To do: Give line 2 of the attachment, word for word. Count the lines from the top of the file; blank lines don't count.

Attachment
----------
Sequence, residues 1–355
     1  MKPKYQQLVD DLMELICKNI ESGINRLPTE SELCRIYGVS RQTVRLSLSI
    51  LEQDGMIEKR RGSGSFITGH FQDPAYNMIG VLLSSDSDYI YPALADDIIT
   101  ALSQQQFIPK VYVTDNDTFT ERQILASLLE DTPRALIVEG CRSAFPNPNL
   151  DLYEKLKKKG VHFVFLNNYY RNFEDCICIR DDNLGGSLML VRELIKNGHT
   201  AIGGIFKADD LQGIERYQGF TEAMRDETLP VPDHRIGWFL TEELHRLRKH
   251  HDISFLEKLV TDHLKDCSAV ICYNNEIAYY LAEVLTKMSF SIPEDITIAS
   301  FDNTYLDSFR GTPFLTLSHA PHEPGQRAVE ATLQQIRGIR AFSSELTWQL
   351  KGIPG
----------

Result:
     1  MKPKYQQLVD DLMELICKNI ESGINRLPTE SELCRIYGVS RQTVRLSLSI